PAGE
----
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Guilt in U.S. law

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This article is about the meaning of the word "guilt" under the laws of the United States of America. For a discussion of the decisional law on this subject, see Schlup-House doctrine.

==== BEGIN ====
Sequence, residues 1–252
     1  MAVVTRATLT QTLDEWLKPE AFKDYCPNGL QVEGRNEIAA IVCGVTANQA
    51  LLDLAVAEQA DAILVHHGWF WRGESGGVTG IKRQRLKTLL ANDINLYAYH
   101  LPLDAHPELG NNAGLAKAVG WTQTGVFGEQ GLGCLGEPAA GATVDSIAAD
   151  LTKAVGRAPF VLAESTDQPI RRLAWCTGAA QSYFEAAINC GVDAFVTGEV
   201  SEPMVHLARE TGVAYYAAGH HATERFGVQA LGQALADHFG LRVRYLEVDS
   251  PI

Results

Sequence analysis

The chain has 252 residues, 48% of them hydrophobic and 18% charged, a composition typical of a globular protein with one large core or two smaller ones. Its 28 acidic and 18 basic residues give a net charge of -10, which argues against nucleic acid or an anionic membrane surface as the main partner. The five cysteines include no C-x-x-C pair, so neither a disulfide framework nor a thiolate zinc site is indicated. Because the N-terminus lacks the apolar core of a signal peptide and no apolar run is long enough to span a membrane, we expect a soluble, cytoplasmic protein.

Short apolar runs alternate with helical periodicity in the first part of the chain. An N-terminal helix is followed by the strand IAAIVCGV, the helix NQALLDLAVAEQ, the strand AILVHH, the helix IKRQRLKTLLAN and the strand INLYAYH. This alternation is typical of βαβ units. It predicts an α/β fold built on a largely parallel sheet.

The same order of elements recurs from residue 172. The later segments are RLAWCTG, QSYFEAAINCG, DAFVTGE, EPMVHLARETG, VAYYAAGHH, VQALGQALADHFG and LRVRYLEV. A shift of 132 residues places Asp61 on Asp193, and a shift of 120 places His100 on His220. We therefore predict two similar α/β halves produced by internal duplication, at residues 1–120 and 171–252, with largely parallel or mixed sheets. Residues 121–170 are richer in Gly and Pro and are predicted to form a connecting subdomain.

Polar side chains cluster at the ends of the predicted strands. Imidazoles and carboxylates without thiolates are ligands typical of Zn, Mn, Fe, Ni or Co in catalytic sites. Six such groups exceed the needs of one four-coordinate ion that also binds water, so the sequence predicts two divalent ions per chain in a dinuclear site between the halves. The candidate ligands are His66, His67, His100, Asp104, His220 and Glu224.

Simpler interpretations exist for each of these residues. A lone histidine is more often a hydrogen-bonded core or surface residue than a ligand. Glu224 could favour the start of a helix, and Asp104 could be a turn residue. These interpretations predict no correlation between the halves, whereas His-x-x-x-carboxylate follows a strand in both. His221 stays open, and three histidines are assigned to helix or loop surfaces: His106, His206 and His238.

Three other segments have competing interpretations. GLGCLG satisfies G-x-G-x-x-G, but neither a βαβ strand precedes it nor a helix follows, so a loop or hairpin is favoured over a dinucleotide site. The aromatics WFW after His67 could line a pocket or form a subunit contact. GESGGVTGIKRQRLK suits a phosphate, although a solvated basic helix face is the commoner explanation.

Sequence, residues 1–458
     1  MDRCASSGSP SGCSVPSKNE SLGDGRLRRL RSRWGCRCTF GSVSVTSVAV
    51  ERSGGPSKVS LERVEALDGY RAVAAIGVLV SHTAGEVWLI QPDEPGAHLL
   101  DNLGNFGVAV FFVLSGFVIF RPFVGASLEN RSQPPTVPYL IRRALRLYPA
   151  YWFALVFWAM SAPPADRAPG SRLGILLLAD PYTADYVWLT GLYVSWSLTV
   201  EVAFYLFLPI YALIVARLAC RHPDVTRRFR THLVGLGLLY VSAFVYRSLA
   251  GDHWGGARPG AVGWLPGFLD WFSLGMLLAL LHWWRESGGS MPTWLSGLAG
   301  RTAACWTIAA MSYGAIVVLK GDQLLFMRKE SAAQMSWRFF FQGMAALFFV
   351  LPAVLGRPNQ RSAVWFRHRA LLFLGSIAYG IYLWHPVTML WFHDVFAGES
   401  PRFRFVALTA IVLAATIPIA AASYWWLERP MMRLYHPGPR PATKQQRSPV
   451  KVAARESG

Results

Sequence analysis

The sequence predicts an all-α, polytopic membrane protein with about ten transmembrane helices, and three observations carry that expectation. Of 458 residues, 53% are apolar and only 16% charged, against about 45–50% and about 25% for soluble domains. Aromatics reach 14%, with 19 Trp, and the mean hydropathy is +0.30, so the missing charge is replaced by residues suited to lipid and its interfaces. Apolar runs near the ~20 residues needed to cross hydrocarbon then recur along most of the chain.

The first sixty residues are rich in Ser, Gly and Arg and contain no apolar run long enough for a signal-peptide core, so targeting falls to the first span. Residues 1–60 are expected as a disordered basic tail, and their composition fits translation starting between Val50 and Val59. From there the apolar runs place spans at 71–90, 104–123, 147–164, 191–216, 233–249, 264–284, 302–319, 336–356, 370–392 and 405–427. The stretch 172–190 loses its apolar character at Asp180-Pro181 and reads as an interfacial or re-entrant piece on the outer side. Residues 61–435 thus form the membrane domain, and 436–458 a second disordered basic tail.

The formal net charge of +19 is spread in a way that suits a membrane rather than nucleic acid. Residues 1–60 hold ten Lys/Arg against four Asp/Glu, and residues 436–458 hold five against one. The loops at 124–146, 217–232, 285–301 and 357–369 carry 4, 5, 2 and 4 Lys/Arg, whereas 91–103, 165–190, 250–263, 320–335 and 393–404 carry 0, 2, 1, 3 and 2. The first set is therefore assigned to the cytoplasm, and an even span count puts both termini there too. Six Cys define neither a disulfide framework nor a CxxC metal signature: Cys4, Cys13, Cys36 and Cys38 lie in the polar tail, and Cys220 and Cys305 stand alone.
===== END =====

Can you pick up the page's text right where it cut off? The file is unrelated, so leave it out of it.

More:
In ordinary English usage, the opposite of "guilt" is "innocence," and either word usually carries a connotation of moral evaluation. In the field of law, however, that concept of "guilt" is of negligible importance because "guilt" or "innocence" is a question of fact whose truth it is often impossible to discover, much less to prove to a legal standard, which is why the system concerns itself with "justice" instead of "truth." (In the same way that engineering may be viewed as the practical application of "pure" science to the real world, law may be viewed as the application of moral precepts.) Paradoxically perhaps, the entire field of criminal law revolves around the idea of "guilty," whose opposite is "not guilty." In the language of statistics, the "null hypothesis" in a criminal case is always "The defendant is not guilty," never "The defendant is innocent" or "The defendant is guilty," so if the prosecution disproves the null hypothesis with evidence at or above the applicable "confidence level" (called in law the "standard of proof"), the conclusion (called in law the "verdict") is "The defendant is guilty." In this essay, the factual matter will be referred to as "actual guilt" or "actual innocence," and the legal matter as "legally guilty" or "legally not guilty," and if the modifier "legal(ly)" is not specified, it is to be understood. Thus, the possible verdicts of "guilty" and "not guilty" are to be read as meaning "legally guilty" and "not (legally) proved guilty," respectively.